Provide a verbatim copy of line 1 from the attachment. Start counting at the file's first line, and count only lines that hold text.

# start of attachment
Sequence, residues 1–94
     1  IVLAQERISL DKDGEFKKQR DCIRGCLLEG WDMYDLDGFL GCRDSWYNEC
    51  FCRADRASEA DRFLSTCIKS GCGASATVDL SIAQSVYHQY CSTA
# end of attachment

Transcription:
Sequence, residues 1–94